The Vietnamese are the third most numerous national group in the Czech Republic. The first wave of immigration came already before the revolutionary year of 1989; since then, more Vietnamese have been coming to the Czech Republic, with the youngest generation already being born here. What was it really like for the Vietnamese to live in the Czech Republic ten years ago and what is it like today? Do young Vietnamese deem the Czech Republic their home or do they long to return to their “homeland“? These and other themes are reflected in a serious and fun way in the films by Czech and Vietnamese directors in our current Curated Program.
Young filmmaker and dancer Dužan Duong made his mark already by his playful autobiographic debut Mat goc about two brothers’ journey to Vietnam; to one of them, it will become an occasion to better understand his origins and ultimately even himself; as to the viewers, it will let them look behind the wall of stereotypes. Similar motives are also addressed in Duong’s next film Bo Hai, one of last year’s most successful short Czech films; it was screened at Ji.hlava IDFF, won the Golden Kingfisher Award for the best student film at Finále Plzeň Film Festival and was nominated for the Czech Lion Award in the student film category as well as for the Czech Film Critics Award. Stylized as comedy, the generational account of a young man who helps his father at a convenience store with slight reluctance even though he would rather hang out with friends is a reflection on the young Vietnamese’ relationship to the Czech Republic and the land of their origin, their parents and traditions.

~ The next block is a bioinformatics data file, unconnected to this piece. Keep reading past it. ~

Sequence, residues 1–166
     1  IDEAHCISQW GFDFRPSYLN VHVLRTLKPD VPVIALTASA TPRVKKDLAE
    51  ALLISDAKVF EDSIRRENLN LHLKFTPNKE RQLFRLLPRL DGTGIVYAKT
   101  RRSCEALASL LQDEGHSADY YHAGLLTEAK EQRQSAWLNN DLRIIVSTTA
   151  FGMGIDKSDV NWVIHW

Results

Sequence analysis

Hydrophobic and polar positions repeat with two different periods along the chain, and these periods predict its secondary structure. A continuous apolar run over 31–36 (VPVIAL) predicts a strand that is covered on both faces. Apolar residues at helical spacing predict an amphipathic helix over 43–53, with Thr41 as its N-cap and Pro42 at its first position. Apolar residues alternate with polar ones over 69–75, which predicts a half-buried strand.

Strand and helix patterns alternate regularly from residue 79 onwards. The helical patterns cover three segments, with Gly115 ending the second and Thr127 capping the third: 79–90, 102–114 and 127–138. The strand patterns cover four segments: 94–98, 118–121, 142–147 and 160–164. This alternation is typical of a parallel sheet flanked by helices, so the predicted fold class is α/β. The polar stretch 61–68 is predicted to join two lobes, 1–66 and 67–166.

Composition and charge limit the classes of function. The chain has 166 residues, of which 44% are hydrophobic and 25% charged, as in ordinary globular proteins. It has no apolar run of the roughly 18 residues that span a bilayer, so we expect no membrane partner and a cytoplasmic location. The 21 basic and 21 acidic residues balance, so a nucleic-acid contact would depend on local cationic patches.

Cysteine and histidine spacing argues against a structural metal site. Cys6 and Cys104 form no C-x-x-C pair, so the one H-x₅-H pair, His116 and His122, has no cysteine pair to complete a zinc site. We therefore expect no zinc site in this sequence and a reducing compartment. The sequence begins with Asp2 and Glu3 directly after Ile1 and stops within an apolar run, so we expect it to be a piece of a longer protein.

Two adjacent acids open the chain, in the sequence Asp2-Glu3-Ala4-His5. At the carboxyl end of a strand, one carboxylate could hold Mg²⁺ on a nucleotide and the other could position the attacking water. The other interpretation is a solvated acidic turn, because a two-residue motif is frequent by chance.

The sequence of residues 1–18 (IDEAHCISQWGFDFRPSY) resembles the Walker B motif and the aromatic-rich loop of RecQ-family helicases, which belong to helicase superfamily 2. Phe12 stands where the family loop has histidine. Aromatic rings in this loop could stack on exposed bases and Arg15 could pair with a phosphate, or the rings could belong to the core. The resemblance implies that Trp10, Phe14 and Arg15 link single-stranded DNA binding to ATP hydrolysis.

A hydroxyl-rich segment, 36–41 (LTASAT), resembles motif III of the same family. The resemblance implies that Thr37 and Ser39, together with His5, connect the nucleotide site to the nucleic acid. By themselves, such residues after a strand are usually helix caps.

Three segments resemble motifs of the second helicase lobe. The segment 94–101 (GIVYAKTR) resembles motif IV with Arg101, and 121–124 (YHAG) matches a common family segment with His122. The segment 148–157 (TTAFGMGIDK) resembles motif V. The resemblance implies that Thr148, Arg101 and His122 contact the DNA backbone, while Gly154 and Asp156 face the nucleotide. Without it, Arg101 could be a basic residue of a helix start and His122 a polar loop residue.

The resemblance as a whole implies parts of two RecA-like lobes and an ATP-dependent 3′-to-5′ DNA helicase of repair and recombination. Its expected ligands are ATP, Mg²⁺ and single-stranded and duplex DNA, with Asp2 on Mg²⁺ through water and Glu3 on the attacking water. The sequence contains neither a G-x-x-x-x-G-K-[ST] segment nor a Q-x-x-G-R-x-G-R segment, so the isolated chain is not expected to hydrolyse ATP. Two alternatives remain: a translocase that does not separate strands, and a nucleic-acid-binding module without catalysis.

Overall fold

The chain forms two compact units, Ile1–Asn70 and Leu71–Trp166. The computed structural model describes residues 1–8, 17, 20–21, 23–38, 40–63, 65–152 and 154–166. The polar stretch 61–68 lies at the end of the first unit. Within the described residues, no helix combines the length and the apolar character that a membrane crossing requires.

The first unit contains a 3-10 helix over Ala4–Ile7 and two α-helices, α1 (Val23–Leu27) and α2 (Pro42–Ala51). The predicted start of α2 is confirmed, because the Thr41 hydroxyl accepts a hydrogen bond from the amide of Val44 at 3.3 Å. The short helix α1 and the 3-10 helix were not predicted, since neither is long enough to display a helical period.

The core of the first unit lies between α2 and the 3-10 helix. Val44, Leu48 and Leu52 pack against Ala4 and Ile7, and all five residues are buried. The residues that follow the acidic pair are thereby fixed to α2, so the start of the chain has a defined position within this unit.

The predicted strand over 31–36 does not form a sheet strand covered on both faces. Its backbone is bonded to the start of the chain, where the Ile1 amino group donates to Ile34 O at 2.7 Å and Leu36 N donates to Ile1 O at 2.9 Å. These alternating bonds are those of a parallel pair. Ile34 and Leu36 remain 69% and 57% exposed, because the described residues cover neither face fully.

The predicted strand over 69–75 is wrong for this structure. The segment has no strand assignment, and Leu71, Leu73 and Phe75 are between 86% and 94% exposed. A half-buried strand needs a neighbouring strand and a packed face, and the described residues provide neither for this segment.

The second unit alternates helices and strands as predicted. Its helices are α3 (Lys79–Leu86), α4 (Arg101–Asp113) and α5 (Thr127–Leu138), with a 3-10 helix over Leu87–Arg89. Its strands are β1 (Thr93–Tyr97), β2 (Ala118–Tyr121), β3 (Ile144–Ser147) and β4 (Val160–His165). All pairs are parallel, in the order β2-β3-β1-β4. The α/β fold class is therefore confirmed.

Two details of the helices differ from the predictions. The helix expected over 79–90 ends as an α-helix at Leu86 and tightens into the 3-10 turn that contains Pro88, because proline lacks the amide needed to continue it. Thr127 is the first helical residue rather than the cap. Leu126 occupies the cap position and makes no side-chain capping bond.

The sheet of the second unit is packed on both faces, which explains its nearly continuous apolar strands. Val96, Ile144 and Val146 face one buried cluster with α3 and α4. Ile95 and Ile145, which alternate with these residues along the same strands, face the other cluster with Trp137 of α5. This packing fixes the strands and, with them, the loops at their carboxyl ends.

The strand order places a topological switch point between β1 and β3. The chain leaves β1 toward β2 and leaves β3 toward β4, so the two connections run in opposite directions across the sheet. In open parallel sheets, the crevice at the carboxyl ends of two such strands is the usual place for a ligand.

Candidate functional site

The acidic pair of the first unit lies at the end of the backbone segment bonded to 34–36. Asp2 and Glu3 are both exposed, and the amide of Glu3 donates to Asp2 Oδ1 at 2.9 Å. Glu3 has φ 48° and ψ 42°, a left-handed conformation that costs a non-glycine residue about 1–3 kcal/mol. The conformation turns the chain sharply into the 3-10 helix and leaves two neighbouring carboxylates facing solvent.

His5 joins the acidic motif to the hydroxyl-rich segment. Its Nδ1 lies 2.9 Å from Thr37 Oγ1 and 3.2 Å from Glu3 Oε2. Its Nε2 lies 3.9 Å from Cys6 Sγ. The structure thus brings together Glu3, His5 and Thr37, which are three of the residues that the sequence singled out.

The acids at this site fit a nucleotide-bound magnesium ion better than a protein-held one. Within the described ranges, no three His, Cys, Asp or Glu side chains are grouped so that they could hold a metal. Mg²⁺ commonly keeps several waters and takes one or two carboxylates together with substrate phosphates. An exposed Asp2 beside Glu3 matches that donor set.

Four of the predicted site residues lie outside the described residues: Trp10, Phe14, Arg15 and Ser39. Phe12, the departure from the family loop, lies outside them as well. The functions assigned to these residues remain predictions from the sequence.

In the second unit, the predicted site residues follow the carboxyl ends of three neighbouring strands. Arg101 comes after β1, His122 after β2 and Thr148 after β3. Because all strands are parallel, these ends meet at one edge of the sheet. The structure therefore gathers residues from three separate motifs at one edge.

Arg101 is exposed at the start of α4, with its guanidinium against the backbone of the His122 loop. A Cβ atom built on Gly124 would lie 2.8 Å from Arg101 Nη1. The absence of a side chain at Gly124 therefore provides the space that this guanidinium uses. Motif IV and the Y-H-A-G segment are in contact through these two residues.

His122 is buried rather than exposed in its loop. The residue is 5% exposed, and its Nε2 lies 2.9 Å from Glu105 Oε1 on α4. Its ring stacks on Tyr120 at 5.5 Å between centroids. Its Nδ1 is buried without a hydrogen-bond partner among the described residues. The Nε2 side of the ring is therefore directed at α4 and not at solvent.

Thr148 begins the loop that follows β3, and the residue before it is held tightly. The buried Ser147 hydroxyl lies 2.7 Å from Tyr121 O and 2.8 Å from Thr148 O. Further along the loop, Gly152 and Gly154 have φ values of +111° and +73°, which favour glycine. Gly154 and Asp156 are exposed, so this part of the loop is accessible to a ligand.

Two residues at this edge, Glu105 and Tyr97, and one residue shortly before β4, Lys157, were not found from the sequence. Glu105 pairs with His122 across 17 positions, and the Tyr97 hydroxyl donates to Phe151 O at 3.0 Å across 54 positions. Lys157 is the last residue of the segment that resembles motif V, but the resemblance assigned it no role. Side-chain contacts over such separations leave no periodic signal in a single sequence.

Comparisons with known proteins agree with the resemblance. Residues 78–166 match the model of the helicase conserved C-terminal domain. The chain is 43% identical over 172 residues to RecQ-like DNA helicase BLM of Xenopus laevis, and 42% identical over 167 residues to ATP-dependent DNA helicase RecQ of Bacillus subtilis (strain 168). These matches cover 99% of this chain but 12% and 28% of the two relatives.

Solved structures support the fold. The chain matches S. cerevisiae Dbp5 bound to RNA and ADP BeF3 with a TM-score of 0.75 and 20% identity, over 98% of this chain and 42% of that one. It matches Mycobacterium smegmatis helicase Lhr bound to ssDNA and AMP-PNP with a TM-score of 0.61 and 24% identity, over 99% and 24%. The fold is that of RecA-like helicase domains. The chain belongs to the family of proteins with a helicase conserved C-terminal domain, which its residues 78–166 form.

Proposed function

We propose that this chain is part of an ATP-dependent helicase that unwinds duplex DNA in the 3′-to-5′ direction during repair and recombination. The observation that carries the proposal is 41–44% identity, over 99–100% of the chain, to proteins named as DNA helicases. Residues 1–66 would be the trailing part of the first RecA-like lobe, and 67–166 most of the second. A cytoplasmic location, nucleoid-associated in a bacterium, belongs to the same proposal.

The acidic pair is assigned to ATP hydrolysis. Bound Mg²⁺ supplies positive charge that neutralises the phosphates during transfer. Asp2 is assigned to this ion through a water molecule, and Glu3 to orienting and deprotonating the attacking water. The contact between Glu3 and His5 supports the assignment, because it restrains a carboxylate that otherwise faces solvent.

Dužan Duong was also one of the protagonists in Lukáš Kokeš’s V.I.P. /Vietnamese Important People, a stylized documentary portrait of three Czech Vietnamese in their twenties seeking their identity and struggling with racial prejudice related to professional success.
Another perspective on the coexistence of Czechs and the Vietnamese is shown in the animated film The Little One directed by Diana Cam Van Nguyen, student of Prague’s FAMU. It tells the story of Rong, a little Vietnamese girl who is being mocked at school for being different, and whose best friend is a goldfish. However, eventually, “little one” grows up, becomes a “big one” and is about to make a crucial life decision...
The situation of Czech Vietnamese from ten years ago was captured by Martin Ryšavý in his two films made in 2009. Country of Dreams depicts the issues experienced by Vietnamese immigrants in unknown Czech Republic, which they were told was a “promised land”, however, reality was a little different. The film won the Pavel Koutecký Award in 2010. Bananas Kids looks at the Vietnamese community from a children’s perspective and gives voice to elementary and high school students as well as students and graduates of Czech universities.
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